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ICBM Operations : Always Adapting

  • Published
  • By Lt. Col. Robert Mack
  • 319th MIssile Squadron

As I sit here on alert at Echo-01, I reflect on just how much has changed in ICBM operations since I pulled my first alert in 2005. Not many would equate the ICBM operations career field with forward-thinking, adaptive change, but that is exactly what has happened throughout my career. For instance, we have moved from a rigid training structure to one centered on true proficiency and crew member empowerment.

Similarly, we changed how operations groups deploy to the field. This change was first driven by our response to COVID, but has morphed further into a concept focused on effective operations. I can only speak to what we have done here at F.E. Warren AFB, but similar changes and concepts have occurred across all three missile wings…and we are not done innovating.

When COVID first hit, I was on the first alert wave out the door, and we did not know how long we would be out there. We heard it could be up to a month or longer because there were so many unknowns. I bring this up because I want to make sure you all know just how dedicated your crew force is. We had more volunteers for that alert than we had seats to fill, and it was humbling to see people truly embody “service before self.”

Ultimately, that first COVID alert turned into a two-week alert with 4 crew members per site (A1 & A2 crews), and continued along until we learned more about COVID and our testing capabilities increased. At that point, we rotated into one-week alerts, still with A1 & A2 crews. All MAF personnel were on the same rotation, which is key because one of the benefits of this current construct is increased overlap with the Facility Manager, but also with Mission Support and Security Forces personnel.

So what does a crew member’s life look like now? We currently find ourselves in squadron deployments, where each squadron deploys to the entire missile field. So as I write this, the 319th Missile Squadron (and attached personnel from OSS and OGV) are manning each and every LCC across the 90th Missile Wing. We took to the field with our sister SF squadron, the 90th Missile Security Forces Squadron, seeing familiar faces and integrating with the same defenders each time.

Under normal circumstances (and normal weather), one crew is able to post a day later and return a day earlier due to sticking with a 24-hour rotation. That being said, having four crew members on site gives added flexibility for things like capsule maintenance, weather and family emergencies. During topside time, crews are able to work out, pursue school work or other interests, and take advantage of opportunities to train and integrate with our FM and SFG personnel. Concepts like backup alert crews are still a thing, and because we have vehicles in the field due to staggering the alert crews, we have flexibility on moving people as needed and getting people home quicker in emergencies (i.e., instead of having to generate a backup before I can bring someone home, I can have the person depart immediately since we have enough people on site to cover LCC alert actions).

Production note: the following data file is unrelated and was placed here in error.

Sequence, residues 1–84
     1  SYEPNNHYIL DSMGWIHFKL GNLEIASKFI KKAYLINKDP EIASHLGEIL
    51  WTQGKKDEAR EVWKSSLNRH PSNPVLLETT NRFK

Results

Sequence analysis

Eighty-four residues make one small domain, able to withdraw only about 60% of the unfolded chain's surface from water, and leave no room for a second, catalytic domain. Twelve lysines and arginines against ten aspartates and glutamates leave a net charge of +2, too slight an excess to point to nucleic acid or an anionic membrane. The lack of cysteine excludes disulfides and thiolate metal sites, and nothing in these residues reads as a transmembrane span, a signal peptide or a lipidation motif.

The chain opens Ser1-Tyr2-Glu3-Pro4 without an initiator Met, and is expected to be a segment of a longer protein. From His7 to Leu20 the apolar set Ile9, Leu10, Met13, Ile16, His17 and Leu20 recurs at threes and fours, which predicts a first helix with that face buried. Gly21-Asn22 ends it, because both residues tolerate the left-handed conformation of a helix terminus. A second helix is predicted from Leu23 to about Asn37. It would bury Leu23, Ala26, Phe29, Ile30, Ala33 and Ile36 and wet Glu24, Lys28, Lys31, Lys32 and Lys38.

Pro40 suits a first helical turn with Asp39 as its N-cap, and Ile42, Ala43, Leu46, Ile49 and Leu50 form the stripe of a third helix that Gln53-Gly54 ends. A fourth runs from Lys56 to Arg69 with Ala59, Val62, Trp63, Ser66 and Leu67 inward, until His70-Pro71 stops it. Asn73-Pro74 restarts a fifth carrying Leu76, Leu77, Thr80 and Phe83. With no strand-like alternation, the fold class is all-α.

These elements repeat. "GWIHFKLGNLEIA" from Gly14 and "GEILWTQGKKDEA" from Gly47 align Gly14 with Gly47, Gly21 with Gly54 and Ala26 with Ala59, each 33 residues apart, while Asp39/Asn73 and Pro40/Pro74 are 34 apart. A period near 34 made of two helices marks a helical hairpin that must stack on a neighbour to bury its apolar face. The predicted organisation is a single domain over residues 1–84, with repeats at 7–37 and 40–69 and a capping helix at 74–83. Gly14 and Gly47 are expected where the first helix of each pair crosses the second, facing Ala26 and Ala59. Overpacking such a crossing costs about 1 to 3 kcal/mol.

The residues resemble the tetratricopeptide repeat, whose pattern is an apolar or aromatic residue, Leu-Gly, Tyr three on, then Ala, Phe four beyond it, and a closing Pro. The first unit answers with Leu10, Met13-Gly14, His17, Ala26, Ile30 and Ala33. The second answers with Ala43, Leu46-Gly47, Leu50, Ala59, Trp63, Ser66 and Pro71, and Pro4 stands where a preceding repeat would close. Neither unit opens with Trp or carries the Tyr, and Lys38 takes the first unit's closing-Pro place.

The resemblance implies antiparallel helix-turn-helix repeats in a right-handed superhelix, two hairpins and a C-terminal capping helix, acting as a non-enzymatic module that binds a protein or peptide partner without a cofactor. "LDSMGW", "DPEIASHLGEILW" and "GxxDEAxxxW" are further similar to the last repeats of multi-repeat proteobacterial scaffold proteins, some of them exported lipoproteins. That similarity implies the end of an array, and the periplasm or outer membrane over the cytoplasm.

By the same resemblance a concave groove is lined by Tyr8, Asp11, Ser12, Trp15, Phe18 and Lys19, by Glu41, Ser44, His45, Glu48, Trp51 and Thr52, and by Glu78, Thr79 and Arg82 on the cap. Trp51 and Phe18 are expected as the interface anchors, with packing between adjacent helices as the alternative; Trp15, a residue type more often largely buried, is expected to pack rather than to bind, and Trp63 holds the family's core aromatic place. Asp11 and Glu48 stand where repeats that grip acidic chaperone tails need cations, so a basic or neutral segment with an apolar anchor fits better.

My folks then have two weeks at home, at which time they can take leave or passes but also must accomplish any readiness or professional requirements. This includes two simulator rides per month, academic training, professional development and any medical/personal appointments. The schedule is very rigid but also highly predictable, meaning my Airmen can look months ahead and know the days off they have. Their sacrifice is quite real as they are away from home one week out of every three and have little flexibility in when they can take leave. Additionally, our second tour personnel filling roles  like instructor, evaluator, and flight commander are carrying a higher alert load than we would prefer due to our personnel numbers. We project these difficulties will be lessened as manning increases over time.

One of the things I would like to leave readers with is just how professional and accomplished this crew force is. They are operating an aging, yet capable weapon system with such poise and professionalism that it takes my breath away. They come in each day with a smile on their face and get to work, despite the large amount of time away from friends and family. They have adapted to multiple crew deployment constructs in the last couple of years, and are always thinking about ways to innovate further. Every day they thrive under General Brown’s “accelerate change or lose” mentality, never settling for the status quo, pushing themselves to be better. And speaking for myself, they also push me to be better every day because they absolutely deserve the best we can give them.

Command is a privilege, not a right. And I struggle to put into words how much of a privilege it is to command these missileers – you can rest easy knowing they are watching over you and yours.

This article first appeared in the quarterly newsletter of the Association of Air Force Missileers, Volume 29, Number 4 on page 3.